Now I don’t think HSCT is by any means equivalent but to deny that there are malign agents out there some of whom are touting for business, is naive.

          • No, when it can be verified.
            Verified anecdotal testimony was the spur for our group getting into medicinal cannabis research twenty years ago.

          • I’m sure that the HSCT veterans community would be delighted to help you to verify their testimony. How can we facilitate this?

    • If you look at the literature there is clear evidence of a reduction in EDDSS post alemtuzumab. They suggested protective immunity was the basis. More likely stop disease and the repair mechanisms opperate

  • For the discussion on anecdotal evidence. I guess a researcher could draw up a quanitative survey and conduct a study on pwMS. The survey could ask about experiences of such and such. Then the results collated would be data.

  • Hello to “Anonymous with PPMS”! Here is my anecdote with regard to HSCT.
    I was diagnosed with PPMS in 2009, and was told by the NHS neurologist that there were no treatments for PPMS, only for some symptoms. Initially I accepted what I was told – doctors are experts with their patients best interests at heart, right?
    Then I became so disabled that I had to give up my job and symptoms like swallowing/choking frightened me into searching the internet, where I came across HSCT. Firstly, I read the anecdotes of people (including a few PPMS patients) and followed that by reading as much research information as I could find. I spoke to various HSCT doctors – haematologists. I also spoke to my neurologist, who was vehemently against the very idea. Interestingly my local hematologist was very supportive and reassuring about the procedure, and so in 2014 I became the third Brit to go to Russia for HSCT. To cut a long story short: Jere I am, five years later, and my PPMS has not worsened at all – in fact, I have many symptomatic improvements, including the swallowing problems which prompted me to search for help. I will be forever grateful to the people who shared their “anecdotes” and showed me the way to HSCT and getting my future back.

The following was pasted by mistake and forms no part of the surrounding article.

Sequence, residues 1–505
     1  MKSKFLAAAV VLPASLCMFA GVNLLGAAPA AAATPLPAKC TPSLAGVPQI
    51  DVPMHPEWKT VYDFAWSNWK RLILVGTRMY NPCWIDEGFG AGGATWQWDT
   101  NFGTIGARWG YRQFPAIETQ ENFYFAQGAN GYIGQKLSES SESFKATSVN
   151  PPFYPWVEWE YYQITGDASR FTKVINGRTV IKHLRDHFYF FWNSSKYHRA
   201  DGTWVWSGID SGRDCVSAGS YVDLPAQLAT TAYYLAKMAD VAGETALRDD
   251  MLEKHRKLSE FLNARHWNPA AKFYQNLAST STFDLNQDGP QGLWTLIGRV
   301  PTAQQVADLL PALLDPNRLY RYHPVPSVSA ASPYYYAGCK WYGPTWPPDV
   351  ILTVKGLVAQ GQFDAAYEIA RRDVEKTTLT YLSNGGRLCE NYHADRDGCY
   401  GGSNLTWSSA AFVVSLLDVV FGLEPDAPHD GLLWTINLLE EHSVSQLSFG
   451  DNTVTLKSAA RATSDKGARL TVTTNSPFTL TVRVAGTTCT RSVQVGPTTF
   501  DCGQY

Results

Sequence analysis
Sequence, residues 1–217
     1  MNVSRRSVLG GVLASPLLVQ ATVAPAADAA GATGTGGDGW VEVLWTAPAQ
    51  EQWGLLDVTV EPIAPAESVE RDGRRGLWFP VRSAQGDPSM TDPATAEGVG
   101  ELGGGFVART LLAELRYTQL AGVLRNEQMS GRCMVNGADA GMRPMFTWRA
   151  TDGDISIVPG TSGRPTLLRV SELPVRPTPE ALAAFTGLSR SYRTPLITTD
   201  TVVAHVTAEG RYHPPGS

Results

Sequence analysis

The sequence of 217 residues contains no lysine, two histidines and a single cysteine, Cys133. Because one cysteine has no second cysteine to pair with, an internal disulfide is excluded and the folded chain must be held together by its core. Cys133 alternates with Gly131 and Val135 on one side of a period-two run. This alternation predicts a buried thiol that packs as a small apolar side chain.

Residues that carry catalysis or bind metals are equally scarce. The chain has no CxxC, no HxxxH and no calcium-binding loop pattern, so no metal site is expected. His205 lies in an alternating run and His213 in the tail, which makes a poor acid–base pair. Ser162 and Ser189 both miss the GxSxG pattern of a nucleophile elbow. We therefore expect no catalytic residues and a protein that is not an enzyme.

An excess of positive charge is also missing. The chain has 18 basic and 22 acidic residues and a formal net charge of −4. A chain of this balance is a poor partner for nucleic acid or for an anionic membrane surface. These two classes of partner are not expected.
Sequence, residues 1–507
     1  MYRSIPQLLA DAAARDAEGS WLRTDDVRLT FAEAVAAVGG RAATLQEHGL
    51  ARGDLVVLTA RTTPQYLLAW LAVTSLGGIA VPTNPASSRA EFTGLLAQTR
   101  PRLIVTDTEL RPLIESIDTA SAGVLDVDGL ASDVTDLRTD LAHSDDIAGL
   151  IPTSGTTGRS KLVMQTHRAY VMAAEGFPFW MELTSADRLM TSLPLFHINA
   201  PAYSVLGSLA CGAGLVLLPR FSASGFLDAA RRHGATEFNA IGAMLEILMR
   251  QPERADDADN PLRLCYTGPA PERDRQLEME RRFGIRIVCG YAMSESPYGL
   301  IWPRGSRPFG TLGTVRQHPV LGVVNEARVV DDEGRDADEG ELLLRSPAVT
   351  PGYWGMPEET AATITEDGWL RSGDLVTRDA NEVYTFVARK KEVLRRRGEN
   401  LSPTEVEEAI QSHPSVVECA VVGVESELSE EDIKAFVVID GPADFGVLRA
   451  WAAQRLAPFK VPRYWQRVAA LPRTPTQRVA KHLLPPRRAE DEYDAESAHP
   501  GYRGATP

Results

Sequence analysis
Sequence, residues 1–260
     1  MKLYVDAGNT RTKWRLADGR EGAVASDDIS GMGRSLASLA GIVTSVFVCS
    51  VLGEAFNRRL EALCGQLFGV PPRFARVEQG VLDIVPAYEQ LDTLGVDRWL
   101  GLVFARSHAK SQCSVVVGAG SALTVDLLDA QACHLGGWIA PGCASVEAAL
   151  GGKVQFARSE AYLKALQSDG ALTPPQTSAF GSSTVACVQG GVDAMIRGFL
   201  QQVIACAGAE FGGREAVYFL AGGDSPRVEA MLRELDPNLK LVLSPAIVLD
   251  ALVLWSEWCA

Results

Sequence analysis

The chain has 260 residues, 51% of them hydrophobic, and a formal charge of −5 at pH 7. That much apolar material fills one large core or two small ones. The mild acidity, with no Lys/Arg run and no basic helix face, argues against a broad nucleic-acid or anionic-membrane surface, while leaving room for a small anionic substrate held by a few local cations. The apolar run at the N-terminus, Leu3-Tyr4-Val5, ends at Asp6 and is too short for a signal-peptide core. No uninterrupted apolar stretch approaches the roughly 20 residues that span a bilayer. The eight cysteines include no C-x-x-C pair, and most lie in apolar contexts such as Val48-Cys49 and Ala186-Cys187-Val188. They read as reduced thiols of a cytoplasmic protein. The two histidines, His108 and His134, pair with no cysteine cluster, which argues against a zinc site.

You can dismiss my experience as anecdotal, of course, because that is what it is. It also happens to be true, and another little piece in the jigsaw. Best wishes to you!

  • Hey there ‘anonymous’. I’m not angry at all. I’m slightly disappointed and maybe even slightly disgusted at the absolute rubbish that many PWMS are advised by the so called gatekeepers of their health. I’m actually really grateful because, in spite of the poor advice we received from people who claimed to be experts but were nothing of the kind in retrospect, my husband has had his MS halted. And you know what? Even if in five years, or ten years, or whatever he starts to progress again, he’s had a lengthy period of time where MS isn’t ravaging him. It’s kept him out of a wheelchair for the last three years (how can I be sure? Because I live with him 24/7 and could see the weekly new symptoms and the rapid deterioration. Since then? Nothing). So no, I’m probably the opposite of angry. I’m passionate – there’s a big difference.

    • Okay, I understand you better. But I think it doesn’t help when people with a passionate message come across as aggressive, and use block capital shouty text. All the best. 🙂

        • You can call it what you like, sweetheart. As I said – capitalising a single word for emphasis does not a shouty post make…

          If we’re going to comment on style, I had an interesting message from someone following this thread last night (wasn’t going to post it, but you will provoke the situation!)

          “Just read the Mouse Doctor thread. I’d love to comment, but just don’t have the energy! He just annoys me so much; a true condescending t***! He drains my will to live…”

          Maybe you should consider your own tone / style / lexicon?

      • I’m not sure that highlighting a single word in caps (for emphasis – no italics or bold option here) can be construed as ‘block shouty text’, but I guess it’s all in your perception. All the best to you too!